Hulshof notes that in Brazil these debates intensified from 2000 to 2016, when the federal government created the Secretariat for Women’s Policies, and with greater inclusion of women in universities and in scientific research. “In 1996, only 44% of doctoral dissertations in Brazil were defended by women. In 2004 this ratio jumped to 51%”, says Yara Frateschi, a professor of ethics and political philosophy at UNICAMP. Currently, in some disciplines in the humanities and social sciences, such as anthropology, sociology, history, and education, the female to male ratio is equal. “But this isn’t the case, for example, in philosophy, which presents percentages similar to disciplines like mathematics and physics,” she observes.
Frateschi recalls that the history of philosophy involves an age-old tradition that tends to be biased against women. “Many of the classic authors since the time of Aristotle [384 BC—322 BC] portrayed women as being barely rational and unfit to participate in public life activities,” she adds. Furthermore, philosophy does not traditionally embrace difference in general, nor gender difference in particular. “The moral and epistemic subject of philosophy is classically abstract: it has no gender, race, or culture. Philosophy operates by abstraction, but these abstractions carry biases,” she explains. Frateschi relates that from the 1970s on, the discipline began to become more sensitive to feminist studies, especially in the United States, and began to take into consideration that the subjects of knowledge are defined in environments marked by gender roles and stereotypes. “We can no longer continue to teach philosophy without considering gender and race. I picture a student who spends the day studying literature that disrespects her. It’s not just coincidence that female participation in philosophy is so low and its avoidance by women so pronounced,” she reasons. Frateschi believes a critical reading of the classics needs to be conducted and feminist philosophers included in the bibliographies, something that’s being done in the philosophy course at UNICAMP.
In researching the development of gynecology in Brazil, anthropologist Fabíola Rohden, a professor at UFRGS, analyzed the subjects of more than 7,000 doctoral theses defended at the Rio de Janeiro School of Medicine from 1833 to 1940. In the study she found that about 22% of the cohort of studies referred to the sex, sexuality, and reproductive systems of women. “For more than a century, during the period of modern Brazilian medicine, about a quarter of medical students chose to investigate issues related to sex and reproduction,” she observes. Surprised by the large amount of work dedicated to the subject, upon analyzing its content she found that many of the studies presented the argument that nature made the bodies of men and women corresponding to different roles. The theses argued that all the energy of pubertal girls should be directed towards the healthy development of their sexual reproductive organs and not towards their education, or into science. “The theses work with the idea that if girls were to study too hard their energy would be displaced from the reproductive system to the brain, which would be harmful.” Rohden notes that while during the nineteenth century the debate about the differences between men and women was based on anatomy, more recently it’s been marked by issues of genetics and neuroscience. What remains, she says, is the discussion around whether a tradition so marked by gender dichotomies can be reclaimed. She adds that a major contribution to this controversy has been the thinking of philosophers like Donna Haraway. A professor in the History of Consciousness Department at the University of California at Santa Cruz in the United States, Haraway argues that the production of knowledge is born out of a scientist’s social position and not from a supposedly neutral point of view.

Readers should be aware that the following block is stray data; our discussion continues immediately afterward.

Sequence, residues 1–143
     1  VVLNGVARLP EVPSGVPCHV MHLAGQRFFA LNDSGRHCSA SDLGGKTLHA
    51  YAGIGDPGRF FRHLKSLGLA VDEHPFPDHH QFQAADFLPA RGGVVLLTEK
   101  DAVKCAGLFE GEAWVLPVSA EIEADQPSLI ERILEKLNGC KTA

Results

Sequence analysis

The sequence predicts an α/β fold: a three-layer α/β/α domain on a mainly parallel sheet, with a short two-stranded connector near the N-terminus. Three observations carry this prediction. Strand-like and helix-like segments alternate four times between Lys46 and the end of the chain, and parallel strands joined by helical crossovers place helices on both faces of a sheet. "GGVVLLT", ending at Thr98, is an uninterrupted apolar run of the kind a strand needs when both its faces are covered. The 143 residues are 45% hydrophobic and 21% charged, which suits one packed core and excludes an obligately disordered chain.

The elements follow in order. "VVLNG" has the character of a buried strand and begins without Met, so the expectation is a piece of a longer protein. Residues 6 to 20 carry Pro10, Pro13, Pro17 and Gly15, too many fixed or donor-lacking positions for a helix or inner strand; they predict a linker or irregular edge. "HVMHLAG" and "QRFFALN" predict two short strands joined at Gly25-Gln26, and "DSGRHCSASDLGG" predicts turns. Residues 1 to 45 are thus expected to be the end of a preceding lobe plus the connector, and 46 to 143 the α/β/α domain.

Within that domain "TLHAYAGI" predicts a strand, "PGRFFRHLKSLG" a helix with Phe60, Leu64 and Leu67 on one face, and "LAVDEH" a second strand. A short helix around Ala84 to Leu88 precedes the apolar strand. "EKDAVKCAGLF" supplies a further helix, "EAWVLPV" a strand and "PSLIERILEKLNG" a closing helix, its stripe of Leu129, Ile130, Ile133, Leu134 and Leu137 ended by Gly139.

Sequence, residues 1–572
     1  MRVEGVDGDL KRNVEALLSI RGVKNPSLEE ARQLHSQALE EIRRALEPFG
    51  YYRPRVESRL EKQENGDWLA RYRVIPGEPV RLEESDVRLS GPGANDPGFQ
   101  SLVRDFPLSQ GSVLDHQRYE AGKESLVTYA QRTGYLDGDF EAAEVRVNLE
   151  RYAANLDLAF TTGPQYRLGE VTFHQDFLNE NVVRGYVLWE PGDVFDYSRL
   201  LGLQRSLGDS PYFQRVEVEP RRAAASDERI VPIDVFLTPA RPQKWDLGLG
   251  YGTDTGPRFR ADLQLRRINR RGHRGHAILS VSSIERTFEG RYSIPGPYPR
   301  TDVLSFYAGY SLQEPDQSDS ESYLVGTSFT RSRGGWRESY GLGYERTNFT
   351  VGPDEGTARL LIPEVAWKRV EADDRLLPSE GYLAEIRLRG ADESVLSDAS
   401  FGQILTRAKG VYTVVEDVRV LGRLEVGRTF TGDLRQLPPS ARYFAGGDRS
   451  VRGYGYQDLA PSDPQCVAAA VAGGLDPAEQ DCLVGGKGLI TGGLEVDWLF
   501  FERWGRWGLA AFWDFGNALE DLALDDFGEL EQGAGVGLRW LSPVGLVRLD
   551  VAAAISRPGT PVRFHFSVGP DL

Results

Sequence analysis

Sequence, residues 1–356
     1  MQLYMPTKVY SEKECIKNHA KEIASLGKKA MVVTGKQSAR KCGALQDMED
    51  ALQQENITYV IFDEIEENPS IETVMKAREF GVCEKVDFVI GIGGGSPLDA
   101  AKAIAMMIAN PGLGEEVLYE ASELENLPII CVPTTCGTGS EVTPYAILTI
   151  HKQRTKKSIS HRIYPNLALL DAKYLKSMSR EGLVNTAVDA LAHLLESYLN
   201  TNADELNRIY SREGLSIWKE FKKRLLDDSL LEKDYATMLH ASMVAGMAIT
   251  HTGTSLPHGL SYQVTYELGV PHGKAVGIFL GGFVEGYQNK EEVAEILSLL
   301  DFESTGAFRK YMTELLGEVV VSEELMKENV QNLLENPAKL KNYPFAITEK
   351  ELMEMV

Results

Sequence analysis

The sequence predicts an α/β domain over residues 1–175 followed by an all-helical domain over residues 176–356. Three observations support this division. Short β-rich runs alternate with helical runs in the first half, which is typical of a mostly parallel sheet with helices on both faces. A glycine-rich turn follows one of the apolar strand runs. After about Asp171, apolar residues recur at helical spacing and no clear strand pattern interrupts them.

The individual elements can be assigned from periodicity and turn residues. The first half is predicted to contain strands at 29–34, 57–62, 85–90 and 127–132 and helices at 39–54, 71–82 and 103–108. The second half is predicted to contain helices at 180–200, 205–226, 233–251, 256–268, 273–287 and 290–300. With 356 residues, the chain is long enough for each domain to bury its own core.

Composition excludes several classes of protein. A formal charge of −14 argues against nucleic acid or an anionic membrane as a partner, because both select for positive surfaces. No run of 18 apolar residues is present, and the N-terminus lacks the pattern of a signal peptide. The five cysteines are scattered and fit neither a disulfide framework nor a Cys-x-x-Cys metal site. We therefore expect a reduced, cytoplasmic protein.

To engage scientists in the pursuit of change, after 25 years identifying gender biases in science, at Stanford Schiebinger decided to change the way she approached the subject. In 2005, she launched the Gendered Innovations in Science, Medicine, and Engineering Project and started working with researchers from various disciplines. “We want to propose positive changes, by offering tools to support the development of research from the very beginning,” she states.Republish